Mar 26, 2008, 05:52AM

INTERVIEW: Jim Shepard

National Book Award nominee has made a career out of turning obscure nonfiction interests into deeply-felt stories and novels. And he digs movies, too.

Shepard.jpg?ixlib=rails 2.1

Jim Shepard is the author of six novels and three short story collections, the latest of which, Like You’d Understand, Anyway, was a finalist for the 2007 National Book Award. His signature style is first person narration, occasionally from the point of view of well-known cultural and historical figures—his narrators have included The Who’s John Entwistle, the Greek playwright Aeschylus, and a high school student who considers a Columbine-like shooting spree. Splice corresponded with Shepard about the state of American short stories, the similarities between Hemingway and Salinger, and the various uses of music in Martin Scorsese’s films.

SPLICE TODAY: All the stories in Like You'd Understand, Anyway are told in the first person, an approach that's defined much of your earlier work as well. Many of these voices belong to famous (or at least historically notable) people and have obviously benefited from research. Do these characters grow out of your existing scholarly interests, or do you research after deciding to write from the point of view of, say, Aeschylus or F.W. Murnau?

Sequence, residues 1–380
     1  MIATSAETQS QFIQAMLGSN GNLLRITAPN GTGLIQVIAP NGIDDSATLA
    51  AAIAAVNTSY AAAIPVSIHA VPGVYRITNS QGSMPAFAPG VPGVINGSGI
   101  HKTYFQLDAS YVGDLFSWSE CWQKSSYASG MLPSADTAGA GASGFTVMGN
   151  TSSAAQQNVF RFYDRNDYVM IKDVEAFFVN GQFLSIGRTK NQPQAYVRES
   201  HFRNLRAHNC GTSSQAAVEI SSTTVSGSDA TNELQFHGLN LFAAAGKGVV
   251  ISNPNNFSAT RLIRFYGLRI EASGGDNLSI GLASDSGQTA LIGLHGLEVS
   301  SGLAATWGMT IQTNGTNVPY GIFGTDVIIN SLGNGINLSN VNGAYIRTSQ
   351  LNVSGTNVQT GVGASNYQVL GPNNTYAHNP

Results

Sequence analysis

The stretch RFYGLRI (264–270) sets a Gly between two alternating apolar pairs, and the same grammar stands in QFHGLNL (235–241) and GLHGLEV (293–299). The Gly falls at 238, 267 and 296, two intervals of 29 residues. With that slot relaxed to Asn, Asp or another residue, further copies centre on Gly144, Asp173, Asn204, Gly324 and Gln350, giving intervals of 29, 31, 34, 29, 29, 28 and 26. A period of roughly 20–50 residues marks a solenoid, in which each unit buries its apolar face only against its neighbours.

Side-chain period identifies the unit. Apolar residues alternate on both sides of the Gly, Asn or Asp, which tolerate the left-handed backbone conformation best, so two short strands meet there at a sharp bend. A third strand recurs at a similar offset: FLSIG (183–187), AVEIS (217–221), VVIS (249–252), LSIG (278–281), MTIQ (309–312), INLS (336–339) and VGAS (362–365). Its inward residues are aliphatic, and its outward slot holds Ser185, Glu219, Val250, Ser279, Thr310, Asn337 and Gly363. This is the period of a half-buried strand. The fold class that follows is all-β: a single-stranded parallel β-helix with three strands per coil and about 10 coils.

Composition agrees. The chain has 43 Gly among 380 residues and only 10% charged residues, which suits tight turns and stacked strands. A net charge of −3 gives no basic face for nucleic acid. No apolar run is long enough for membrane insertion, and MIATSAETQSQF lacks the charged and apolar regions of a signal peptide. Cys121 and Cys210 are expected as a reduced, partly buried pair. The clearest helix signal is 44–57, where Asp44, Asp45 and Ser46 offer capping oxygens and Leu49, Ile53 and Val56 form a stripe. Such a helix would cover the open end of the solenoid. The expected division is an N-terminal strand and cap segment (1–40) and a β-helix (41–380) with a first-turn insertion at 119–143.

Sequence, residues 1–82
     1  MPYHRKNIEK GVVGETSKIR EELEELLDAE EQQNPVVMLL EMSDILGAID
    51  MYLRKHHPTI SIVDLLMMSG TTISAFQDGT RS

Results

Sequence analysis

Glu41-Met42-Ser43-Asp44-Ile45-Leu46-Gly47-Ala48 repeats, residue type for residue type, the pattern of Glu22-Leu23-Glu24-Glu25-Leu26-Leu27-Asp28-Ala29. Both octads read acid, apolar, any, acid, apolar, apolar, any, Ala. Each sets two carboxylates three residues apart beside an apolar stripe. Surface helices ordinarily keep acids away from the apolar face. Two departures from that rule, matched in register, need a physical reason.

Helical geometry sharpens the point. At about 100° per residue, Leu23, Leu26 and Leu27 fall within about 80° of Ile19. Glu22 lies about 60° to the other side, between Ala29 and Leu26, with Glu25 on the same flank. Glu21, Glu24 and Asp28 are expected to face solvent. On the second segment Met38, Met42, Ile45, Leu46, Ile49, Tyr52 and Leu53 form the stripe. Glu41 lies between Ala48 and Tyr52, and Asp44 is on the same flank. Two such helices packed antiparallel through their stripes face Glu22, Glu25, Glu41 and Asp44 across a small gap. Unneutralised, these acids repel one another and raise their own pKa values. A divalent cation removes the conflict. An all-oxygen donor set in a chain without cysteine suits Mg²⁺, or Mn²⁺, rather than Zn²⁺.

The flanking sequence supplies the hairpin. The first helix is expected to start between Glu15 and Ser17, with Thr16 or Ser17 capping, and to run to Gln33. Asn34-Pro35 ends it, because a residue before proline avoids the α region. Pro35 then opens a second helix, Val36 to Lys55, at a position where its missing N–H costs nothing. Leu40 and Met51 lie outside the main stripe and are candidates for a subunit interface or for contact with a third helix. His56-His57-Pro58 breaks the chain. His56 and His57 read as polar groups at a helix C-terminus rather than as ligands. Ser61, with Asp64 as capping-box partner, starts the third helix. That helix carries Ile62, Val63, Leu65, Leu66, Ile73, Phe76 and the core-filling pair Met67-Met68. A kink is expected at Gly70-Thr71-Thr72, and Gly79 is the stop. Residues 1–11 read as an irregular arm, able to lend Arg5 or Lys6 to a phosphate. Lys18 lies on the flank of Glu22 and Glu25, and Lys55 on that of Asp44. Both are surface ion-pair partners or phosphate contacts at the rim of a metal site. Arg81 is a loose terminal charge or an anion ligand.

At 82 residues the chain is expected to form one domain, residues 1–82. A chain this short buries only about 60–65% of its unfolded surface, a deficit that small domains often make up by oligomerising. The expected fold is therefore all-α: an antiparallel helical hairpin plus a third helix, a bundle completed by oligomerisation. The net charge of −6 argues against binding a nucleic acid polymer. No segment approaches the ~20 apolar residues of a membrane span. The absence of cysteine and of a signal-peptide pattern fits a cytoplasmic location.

JIM SHEPARD: Those sorts of characters always grow out of existing interests, or out of whatever sort of nosing around I'm doing in what I'm reading. I read a lot of non-fiction on weird topics—my wife has joked that I'm the only person she knows who'd take a history of the guillotine to the beach—and when I'm doing that kind of reading, I'm not necessarily thinking that it'll turn into fiction. But when something I come across seems plangent to me—almost always in emotional terms—then I start considering the possibility. And at that point I might start doing more directed research with an eye towards figuring out whether or not such a fiction seems possible or attractive for me to try.

ST: You're a professor of film studies at Williams College in addition to the more expected writing courses. In what ways has film influenced your writing? What do you consider the main differences and similarities between the two arts?